Stitch Fix, a personal shopping and styling service, noted men are increasingly choosing options like hiking and golf pants for the office. For the first three months of the year, revenue for that type of clothing was up nearly threefold over a year ago.
Polo shirts have replaced the collared button-down for men, and there’s strong demand for pull-on pants, the company said. The ratio of elastic-waist work pants to those with buttons or zippers on Stitch Fix was one to one in 2019; now it’s three to one.
Other workers, however, are feeling excited about dressing up again.
Emily Kirchner, 42, of Stevensville, Michigan, who works in communications for a major appliance manufacturer, said she’s investing more in her wardrobe as she returns to the office. She used to wear tunic tops and leggings from Stitch Fix in the pre-pandemic days. Now, she’s turning to the service for high-end jeans, blouses and blazers.
“It’s kind of fun to dress up,” said Kirchner, who had a baby early in the pandemic and wants to wear clothes that don’t make her look like what she calls a “frumpy mom.” “It’s kind of like that back-to-school feeling.”
Retailers had to pivot to Americans’ changing demands throughout the pandemic and now again with many returning to offices. Upscale department store Nordstrom, for example, has opened women’s denim shops to highlight its expanded selection as it sees more women wearing jeans to work.
Even Ministry of Supply, a company looking to make work clothing as comfortable as exercise wear, had to make big changes. When the pandemic hit, it was stuck with piles of tailored pants and jackets in performance fabrics deemed irrelevant for a remote workforce.
The Boston-based company started by graduates from the Massachusetts Institute of Technology quickly reengineered the items, sticking in elastic waistbands and removing zippers. It also slimmed down hems on pant suits to give them “sneaker’' cuts.
As workers return to the office, Ministry of Supply is keeping those relaxed looks and sneaker cuts and has permanently eliminated zippers — all its pants have elastic waistbands or drawstrings. It’s also reinventing its tailored suit.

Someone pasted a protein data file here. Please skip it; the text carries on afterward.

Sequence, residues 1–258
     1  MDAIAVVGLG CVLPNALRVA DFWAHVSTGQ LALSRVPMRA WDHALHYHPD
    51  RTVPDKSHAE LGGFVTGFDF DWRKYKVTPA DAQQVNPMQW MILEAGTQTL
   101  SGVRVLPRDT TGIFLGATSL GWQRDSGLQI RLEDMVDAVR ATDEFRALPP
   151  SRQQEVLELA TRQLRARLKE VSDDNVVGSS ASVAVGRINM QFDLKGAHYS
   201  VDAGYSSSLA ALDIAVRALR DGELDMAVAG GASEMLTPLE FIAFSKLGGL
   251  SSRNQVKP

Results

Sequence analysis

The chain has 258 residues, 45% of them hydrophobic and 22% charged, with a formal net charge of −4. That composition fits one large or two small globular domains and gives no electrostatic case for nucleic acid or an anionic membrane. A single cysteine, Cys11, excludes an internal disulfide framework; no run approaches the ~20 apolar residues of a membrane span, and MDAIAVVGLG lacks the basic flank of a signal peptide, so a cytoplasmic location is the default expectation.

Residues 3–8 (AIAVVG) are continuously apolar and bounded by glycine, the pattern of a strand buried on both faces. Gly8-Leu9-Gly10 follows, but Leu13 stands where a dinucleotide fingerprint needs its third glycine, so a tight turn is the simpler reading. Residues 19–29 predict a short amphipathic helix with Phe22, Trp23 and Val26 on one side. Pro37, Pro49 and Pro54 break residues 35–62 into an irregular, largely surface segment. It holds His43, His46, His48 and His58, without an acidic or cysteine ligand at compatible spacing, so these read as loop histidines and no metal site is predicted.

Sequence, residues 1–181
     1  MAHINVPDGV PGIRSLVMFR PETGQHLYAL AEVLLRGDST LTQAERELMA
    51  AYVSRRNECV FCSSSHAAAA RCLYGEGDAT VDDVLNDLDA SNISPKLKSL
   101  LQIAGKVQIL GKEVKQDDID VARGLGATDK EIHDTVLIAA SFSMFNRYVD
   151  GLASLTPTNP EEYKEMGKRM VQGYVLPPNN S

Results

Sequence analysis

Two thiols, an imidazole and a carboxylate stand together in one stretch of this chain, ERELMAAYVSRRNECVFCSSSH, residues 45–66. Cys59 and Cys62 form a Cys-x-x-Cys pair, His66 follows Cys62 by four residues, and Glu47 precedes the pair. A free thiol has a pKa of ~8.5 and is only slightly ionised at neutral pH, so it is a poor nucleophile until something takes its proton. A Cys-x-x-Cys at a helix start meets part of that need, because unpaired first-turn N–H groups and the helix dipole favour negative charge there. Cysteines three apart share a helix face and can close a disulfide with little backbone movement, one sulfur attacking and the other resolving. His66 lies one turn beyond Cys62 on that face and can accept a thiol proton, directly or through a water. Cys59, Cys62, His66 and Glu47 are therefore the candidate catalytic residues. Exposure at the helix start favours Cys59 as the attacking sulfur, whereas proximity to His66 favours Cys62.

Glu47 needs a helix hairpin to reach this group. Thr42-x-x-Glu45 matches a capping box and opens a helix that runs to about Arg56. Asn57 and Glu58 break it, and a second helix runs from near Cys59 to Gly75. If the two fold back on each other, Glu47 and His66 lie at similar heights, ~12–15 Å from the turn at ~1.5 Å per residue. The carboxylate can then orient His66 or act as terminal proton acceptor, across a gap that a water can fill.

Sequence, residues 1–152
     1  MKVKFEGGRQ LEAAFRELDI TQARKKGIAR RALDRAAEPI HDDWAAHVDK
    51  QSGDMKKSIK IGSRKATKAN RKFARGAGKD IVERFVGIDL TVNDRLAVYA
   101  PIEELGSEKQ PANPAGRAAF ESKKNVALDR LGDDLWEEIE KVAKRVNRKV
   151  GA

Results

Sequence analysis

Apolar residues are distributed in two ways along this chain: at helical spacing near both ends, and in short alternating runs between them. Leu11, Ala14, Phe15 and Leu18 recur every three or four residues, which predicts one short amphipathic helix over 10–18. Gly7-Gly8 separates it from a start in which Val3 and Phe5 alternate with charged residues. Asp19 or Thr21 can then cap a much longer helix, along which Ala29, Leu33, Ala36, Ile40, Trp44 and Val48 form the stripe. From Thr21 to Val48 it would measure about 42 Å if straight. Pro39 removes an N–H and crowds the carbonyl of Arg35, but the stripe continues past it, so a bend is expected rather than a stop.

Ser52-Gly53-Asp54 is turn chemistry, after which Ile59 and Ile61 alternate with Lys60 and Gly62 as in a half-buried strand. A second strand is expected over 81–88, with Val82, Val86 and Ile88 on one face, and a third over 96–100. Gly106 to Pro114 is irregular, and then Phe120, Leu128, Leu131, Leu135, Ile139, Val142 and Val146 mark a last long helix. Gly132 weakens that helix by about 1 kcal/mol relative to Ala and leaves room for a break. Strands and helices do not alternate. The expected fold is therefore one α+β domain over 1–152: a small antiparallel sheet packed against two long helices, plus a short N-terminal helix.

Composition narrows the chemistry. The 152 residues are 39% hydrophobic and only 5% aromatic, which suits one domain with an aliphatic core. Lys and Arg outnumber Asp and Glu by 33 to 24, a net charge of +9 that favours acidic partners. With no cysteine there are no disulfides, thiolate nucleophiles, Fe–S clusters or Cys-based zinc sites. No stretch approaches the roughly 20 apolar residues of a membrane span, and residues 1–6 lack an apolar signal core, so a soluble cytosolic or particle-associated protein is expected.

“The new challenge is: How do I look presentable when I am in person without sacrificing comfort?” said Gihan Amarasiriwardena, co-founder and president.
The 200-year-old haberdashery Brooks Brothers had a bigger challenge — it never followed the casual office attire trend several years ago like its rivals. Under a new owner and CEO Ken Ohashi, the company has found success in offering relaxed styles in a post-bankruptcy reinvention.
Now, 45% of its offerings are casual sportwear like sweaters and polo shirts. Before the pandemic, that figure was 25%, Ohashi said.
He said dress shirts are making a comeback as workers return to the office. But Brooks Brothers is adding a twist: a stretch version of its cotton-knit shirts with the comfort of a polo. It also is offering colorful jackets.
“The guy is attracted to novelty right now, novelty color, novelty print, novelty pattern,” Ohashi said. “Historically, that guy came in, and he was buying a navy, a charcoal and black suit. He definitely wants to mix it up. And I think that is here to stay.”
Associated Press writer David Sharp contributed from Freeport, Maine.